Nebraska Town Won’t Let Go of False Memory of Murder

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The New Yorker examines a perplexing criminal prosecution 30 years ago in Beatrice, Neb., that concluded with six people confessing to a 1985 rape and murder that they did not commit. Each of the “Beatrice Six” served prison terms before they were exonerated when DNA testing of blood and semen showed that the victim, Helen Wilson, 68, had been attacked by a teenager who lived in her building. He was not among the six and had never been a suspect in the case. (He had died of AIDS by the time he was implicated.)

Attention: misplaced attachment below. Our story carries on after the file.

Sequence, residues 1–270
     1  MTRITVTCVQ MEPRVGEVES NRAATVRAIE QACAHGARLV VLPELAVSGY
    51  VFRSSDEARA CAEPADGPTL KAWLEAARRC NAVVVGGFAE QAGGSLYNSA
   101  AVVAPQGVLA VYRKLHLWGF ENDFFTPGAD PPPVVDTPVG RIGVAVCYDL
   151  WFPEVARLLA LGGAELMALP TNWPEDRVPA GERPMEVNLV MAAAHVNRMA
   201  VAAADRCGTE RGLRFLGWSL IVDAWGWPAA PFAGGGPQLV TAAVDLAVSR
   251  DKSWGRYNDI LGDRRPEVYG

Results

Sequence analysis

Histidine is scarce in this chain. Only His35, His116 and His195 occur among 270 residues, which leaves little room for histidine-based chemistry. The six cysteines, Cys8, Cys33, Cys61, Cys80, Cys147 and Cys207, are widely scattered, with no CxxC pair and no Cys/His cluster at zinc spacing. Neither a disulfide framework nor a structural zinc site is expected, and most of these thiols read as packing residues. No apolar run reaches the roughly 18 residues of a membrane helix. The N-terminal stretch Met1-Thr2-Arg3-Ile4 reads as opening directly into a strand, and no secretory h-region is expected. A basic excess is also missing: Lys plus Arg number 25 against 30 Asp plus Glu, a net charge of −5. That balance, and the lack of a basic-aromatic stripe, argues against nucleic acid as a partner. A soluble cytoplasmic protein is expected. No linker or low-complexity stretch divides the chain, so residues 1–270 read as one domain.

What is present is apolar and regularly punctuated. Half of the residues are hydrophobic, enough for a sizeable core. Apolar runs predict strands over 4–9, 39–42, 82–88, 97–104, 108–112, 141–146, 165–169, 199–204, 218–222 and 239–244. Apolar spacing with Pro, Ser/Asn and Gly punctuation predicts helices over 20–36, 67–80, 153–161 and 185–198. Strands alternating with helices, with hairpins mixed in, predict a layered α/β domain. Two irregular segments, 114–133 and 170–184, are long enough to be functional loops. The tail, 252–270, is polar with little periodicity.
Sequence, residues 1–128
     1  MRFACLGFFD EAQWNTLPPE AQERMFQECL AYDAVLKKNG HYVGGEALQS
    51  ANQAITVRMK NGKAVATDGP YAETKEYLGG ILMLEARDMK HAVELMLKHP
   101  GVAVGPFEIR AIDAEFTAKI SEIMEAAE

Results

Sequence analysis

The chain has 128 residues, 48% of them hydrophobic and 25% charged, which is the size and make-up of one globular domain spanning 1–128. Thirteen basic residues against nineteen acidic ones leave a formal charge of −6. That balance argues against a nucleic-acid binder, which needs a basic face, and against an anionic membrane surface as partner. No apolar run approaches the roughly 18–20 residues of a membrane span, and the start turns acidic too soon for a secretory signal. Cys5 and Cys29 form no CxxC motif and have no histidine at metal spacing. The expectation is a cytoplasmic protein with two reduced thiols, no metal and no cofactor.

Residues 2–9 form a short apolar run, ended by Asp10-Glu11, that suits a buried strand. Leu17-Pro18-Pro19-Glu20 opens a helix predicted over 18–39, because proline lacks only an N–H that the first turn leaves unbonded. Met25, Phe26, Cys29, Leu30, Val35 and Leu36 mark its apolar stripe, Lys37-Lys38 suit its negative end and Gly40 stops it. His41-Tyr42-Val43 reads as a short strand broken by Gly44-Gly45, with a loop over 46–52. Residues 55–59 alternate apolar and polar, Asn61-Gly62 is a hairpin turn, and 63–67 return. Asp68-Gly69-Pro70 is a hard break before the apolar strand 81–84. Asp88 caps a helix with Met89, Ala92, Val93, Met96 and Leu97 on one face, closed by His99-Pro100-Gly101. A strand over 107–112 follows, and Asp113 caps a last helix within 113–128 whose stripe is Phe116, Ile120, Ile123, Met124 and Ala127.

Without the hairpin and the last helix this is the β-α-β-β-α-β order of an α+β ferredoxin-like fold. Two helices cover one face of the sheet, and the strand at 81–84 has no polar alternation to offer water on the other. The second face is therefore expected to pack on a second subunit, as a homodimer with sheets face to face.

A local psychologist, Wayne Price, was largely responsible for drawing false-memory confessions out of the six, who were uneducated down-and-outers. They were implicated by a young hog farmer, Burdette Searcey, a former local cop who made it his mission to solve the Wilson murder. He cobbled together the six suspects to fit his narrative and the physical evidence. They were pardoned after serving as many as 19 years in prison when DNA evidence identified the killer in 2009. Yet in the minds of many Beatrice residents, the six are still guilty. The local county sheriff, Millard Gustafson, says, “The six had to know something about it, or had to have been there—that’s the sense that the public has.”  And Searcey considers himself a hero. “We’ve got a-hundred-per-cent backing from the public in Beatrice,” he says. “I am loved by my people in this community.”

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